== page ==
Saturday, May 17, 2008

Thoughts as we approach Memorial Day

By Walter Haan, www.war-books.com

Next weekend is Memorial Day weekend. I've written before about things we shouldn't do on Memorial Day, such as racing to the stores for sale events. I think the holiday and weekend should be more respectful than that.

People disrespect the holiday, and by doing that, disrespect our fallen servicemen and women, all living veterans and current members of our military. Perhaps it shouldn't be called a holiday. That just sounds too festive.

Over Memorial Day weekend we'll see national leaders such as President Bush and Vice President Cheney, men who refused to serve in the active military alongside other Americans, disrespect the very people they're pretending to honor by laying wreathes at memorials around the country. Bush was a member of the reserves but his poor behavior and lack of responsibility are well documented.

I think it would make a lot more sense to have ordinary veterans and current service members laying those wreathes at the Tomb of the Unknowns, for example. These would be people who know what it is really like to serve their country.

I saw a picture on the BBC Web Site last month that illustrates the disrespect of service men and women that I'm talking about. The photo also illustrates that we don't have a monopoly in this matter. The photo was of the new Spanish Defense Minister, Carme Chacon, Spain's first woman in the post, reviewing troops in Madrid. She was seven months pregnant in the photo and wore slacks, a casual maternity top and an open casual jacket. The troops were standing at attention in dress uniforms while this woman who looked as if she just stepped out of the supermarket reviewed them. It would be like Cheney reviewing American troops in a golf jacket and sweat pants, which I think he is capable of. My first reaction when I saw the photo of Chacon was, "Put on a dress, for God's sake. Or a tailored, maternity suit."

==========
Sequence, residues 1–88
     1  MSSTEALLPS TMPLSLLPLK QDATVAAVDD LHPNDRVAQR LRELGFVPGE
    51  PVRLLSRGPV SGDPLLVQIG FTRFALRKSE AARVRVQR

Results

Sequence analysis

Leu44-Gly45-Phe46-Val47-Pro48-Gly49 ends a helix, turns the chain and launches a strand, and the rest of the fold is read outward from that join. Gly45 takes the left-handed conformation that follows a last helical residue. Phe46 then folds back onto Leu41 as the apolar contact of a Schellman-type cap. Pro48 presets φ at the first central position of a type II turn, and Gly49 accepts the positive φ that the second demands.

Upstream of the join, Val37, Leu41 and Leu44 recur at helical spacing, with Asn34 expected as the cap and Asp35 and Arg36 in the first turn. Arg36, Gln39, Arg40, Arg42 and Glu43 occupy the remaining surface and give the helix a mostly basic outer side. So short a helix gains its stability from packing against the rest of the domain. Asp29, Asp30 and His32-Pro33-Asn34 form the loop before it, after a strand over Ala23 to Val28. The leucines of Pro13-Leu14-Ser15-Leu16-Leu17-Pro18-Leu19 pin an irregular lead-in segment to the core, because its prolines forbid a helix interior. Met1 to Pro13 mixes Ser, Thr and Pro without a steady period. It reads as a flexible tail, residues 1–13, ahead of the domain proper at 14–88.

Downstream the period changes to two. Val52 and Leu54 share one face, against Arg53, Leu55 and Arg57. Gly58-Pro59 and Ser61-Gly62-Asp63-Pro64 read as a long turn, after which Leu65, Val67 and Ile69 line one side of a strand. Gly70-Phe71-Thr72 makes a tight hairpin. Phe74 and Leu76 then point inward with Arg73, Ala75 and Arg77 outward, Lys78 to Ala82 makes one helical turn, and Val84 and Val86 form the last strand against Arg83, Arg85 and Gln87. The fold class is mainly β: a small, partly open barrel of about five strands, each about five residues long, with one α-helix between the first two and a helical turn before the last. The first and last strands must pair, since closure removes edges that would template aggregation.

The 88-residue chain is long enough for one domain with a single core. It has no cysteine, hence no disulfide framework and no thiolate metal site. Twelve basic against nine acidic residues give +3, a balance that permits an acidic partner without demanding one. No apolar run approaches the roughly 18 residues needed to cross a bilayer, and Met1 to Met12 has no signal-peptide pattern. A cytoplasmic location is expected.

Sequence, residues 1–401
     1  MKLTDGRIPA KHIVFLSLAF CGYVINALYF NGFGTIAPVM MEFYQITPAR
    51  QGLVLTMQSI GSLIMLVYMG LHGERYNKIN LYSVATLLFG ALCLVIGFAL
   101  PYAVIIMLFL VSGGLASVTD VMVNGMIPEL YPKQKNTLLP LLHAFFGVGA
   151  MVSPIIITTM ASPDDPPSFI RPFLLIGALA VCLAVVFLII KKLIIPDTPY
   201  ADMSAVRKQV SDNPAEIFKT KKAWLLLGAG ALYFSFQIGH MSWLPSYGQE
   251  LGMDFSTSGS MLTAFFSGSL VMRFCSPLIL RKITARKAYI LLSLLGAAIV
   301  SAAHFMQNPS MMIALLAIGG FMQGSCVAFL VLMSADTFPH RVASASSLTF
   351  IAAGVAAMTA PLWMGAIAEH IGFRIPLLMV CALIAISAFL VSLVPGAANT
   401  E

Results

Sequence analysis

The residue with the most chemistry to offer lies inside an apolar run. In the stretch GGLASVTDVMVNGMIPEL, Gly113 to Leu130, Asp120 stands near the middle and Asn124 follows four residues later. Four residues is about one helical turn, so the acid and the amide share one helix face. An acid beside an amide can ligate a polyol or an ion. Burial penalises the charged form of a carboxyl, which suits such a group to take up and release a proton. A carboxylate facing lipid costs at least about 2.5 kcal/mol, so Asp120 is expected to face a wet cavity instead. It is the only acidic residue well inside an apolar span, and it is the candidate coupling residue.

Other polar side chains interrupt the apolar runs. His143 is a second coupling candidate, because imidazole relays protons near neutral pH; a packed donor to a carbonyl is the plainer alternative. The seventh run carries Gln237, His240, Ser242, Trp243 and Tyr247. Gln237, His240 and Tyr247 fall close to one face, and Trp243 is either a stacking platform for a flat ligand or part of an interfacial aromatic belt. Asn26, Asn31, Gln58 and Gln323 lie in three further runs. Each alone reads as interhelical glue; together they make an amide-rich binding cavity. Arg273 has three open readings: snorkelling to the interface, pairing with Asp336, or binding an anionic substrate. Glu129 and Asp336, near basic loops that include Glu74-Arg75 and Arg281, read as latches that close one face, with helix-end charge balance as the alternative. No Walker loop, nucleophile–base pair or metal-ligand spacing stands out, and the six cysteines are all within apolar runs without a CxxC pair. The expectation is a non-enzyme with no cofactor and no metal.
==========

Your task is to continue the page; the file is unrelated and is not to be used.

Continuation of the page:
But she went casual, which I think really illustrates what most citizens around the world really think those who serve in the military really rate: casual, careless, offhand recognition.

Taking the sacrifices of our American military members, past and present, casually, is just poor citizenship on the part of the American public.--Copyright 2008 by Walter Haan, www.war-books.com

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